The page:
Doc, also the adulterated version of “Abdul Abulbul Amir”. I played footy once with a couple of pommies who used to trot those two songs out at every drunken opportunity. Those two and another couple of their mates who used to turn up to watch the games got us kicked out of numerous pubs as soon as the landlords worked out the words.

  • Why has this thread boiled down to this point?

    What, I am derided here because I refuse to change my mind and denounce this health care bill?

    If I thought it was bad for this country to stop the absolute pillaging of the American individual in-order to save the corporate monsters, then I would have changed my mind to say no!

    Give Dennis Kucinich credit for recognizing that to change ones mind does not make them weak or a flip-flopper, it makes them intelligent enough to see the correct answer was not their first choice.

    I notice who posts in this thread with little quips and insults, yet can’t seem to read the article itself and give a decent response.

    Here is a little quote for those that don’t have the fortitude to stand against the current of popular thought.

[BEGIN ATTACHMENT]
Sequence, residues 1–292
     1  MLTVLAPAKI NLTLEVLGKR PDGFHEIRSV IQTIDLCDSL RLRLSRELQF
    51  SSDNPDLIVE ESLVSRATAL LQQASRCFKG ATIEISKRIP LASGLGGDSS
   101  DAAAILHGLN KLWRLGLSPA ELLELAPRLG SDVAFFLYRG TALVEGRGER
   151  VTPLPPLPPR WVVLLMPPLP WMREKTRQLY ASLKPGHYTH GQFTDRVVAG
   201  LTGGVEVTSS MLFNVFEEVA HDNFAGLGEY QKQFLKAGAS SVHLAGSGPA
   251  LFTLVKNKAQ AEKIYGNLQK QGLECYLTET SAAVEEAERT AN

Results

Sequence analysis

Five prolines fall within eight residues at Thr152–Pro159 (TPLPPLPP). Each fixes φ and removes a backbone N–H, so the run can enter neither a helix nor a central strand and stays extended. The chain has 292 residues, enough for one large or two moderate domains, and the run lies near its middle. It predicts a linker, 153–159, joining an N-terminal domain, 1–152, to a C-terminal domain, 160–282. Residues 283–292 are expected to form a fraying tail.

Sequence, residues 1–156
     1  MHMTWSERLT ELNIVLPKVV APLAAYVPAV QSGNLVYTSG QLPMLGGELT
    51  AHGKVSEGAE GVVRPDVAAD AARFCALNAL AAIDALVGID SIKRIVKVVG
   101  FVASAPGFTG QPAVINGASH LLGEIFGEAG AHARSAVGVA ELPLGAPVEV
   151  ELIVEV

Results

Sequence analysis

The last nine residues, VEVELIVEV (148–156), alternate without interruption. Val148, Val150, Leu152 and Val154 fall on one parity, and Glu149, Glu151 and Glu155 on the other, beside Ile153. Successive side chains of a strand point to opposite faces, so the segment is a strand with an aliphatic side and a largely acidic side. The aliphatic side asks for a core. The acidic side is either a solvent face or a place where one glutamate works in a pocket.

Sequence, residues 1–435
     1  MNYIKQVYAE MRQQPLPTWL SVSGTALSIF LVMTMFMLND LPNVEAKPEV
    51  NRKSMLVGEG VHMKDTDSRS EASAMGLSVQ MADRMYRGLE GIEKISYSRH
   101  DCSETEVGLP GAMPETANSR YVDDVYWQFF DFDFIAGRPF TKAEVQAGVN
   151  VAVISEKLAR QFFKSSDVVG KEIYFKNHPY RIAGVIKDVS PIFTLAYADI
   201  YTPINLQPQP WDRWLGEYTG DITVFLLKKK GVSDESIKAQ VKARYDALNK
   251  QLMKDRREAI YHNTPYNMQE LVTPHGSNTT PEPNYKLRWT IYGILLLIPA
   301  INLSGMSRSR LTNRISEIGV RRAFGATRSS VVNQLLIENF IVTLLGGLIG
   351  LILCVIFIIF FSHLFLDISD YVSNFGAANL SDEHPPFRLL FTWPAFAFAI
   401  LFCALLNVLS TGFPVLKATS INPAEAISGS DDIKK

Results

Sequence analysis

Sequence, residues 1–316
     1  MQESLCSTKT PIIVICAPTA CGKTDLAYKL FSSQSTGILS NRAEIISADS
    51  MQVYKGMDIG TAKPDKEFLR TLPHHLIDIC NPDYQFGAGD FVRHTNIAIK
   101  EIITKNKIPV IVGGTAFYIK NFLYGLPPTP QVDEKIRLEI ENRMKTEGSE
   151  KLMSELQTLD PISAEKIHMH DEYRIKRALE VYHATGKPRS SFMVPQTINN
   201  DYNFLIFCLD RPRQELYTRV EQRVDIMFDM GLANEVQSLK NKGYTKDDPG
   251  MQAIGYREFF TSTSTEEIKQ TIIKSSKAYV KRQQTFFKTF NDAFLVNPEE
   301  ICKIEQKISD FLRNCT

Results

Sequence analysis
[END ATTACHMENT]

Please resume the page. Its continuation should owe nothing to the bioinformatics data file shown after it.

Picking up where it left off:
“It’s time to fundamentally change the way that we do business in Washington. To help build a new foundation for the 21st century, we need to reform our government so that it is more efficient, more transparent, and more creative. That will demand new thinking and a new sense of responsibility for every dollar that is spent.” – President Barack Obama

    :)Today is a brand new day.

  • Jordan Richardson

    Nothing about this health care bill looks like a “brand new day” in Washington from where I sit. The bill looks like it’ll be a good start for people, but it still shuts a lot of people out of health care and still lines the pockets of insurance companies by maintaining enough of the status quo for the time being.

    And when the insurance companies learn new ways and new terms with which they can screw the people, they will do so.

    Kucinich is doing the right thing by doing what his constituents want, but his critique of the bill is warranted and should be listened to rather than brushed aside.